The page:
Denis Ferreira Netto was taking a helicopter flight through the mountains of the Pico Parana state park in Brazil when he captured this astonishing image, which won second place in the Landscape category. The Brazilian photographer recalls: ‘I came across this white cloud cover, which resulted in this magnificent image that resembles the head of a dinosaur’
Daniel De Granville Manco is to thank for this powerful image, which shows the carcass of a Pantanal alligator. It was taken in October 2020 over dried soil on the banks of the Transpantaneira highway in the municipality of Pocone, Brazil. The Brazilian photographer explored the area ‘at the height of the droughts that hit the Pantanal that year’, sending his drone into the air to secure the shot. The Pantanal is a region in South America that encompasses the world’s largest tropical wetland area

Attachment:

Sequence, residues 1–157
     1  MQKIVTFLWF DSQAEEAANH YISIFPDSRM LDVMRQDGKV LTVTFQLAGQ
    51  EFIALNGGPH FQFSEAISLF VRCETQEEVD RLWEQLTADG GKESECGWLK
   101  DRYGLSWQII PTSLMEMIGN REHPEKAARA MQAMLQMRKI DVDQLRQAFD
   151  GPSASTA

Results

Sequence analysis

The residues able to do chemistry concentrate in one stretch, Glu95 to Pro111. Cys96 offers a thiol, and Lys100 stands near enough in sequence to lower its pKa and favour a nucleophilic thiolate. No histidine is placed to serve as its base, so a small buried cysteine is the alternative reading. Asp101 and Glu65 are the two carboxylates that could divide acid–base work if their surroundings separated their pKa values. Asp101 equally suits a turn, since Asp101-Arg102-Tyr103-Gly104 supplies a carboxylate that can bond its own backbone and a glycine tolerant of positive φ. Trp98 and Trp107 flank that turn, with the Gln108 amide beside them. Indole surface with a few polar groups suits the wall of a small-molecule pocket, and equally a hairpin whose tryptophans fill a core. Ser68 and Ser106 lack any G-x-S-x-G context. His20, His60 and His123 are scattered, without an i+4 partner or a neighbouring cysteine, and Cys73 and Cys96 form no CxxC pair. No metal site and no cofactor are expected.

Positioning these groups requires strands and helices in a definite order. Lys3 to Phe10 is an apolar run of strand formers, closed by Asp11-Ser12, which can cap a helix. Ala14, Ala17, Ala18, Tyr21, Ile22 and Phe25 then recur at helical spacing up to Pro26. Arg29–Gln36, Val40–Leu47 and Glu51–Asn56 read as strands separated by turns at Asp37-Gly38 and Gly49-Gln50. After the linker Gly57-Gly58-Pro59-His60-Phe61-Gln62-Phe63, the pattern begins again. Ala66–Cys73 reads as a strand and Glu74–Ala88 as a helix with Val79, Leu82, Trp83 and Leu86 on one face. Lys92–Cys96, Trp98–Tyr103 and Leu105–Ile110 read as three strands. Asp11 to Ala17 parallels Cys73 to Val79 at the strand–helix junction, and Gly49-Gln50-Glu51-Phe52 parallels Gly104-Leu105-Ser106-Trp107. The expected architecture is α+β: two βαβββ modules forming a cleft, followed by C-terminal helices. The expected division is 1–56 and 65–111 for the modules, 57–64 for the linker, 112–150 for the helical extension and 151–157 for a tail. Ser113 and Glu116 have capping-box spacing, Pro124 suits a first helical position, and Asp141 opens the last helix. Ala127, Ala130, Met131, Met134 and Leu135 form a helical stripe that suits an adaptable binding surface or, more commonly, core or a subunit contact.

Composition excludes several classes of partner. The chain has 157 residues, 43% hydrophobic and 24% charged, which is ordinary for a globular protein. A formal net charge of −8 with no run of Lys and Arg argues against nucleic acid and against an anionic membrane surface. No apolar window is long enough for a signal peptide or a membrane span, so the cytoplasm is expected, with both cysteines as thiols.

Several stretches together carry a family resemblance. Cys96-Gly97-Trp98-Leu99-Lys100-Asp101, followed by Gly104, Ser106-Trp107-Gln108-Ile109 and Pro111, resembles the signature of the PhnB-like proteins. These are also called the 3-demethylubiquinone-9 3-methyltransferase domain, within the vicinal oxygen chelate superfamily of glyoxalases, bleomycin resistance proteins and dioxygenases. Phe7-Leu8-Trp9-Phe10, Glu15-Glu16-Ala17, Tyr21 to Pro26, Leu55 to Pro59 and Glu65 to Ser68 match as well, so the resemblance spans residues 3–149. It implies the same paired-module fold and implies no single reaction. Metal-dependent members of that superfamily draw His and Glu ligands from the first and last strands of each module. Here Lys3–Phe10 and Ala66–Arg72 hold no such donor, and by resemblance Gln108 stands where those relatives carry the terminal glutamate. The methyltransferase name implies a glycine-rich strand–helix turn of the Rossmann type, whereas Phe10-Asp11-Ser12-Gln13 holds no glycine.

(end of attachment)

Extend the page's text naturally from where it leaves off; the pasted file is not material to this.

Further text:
Behold the gold medal winner in the People and Nature category. The poignant picture was captured by Alain Schroeder, who set out to document the ‘rescue, rehabilitation, and release of Indonesia’s orangutan’. ‘They [orangutans] are under threat from the ongoing depletion of the rainforest due to palm oil plantations, logging, mining, hunting,’ the Belgian photographer says. According to Schroeder, the image shows the entire Sumatran Orangutan Conservation Programme team work together to prepare Brenda, an estimated three-month-old female orangutan, for surgery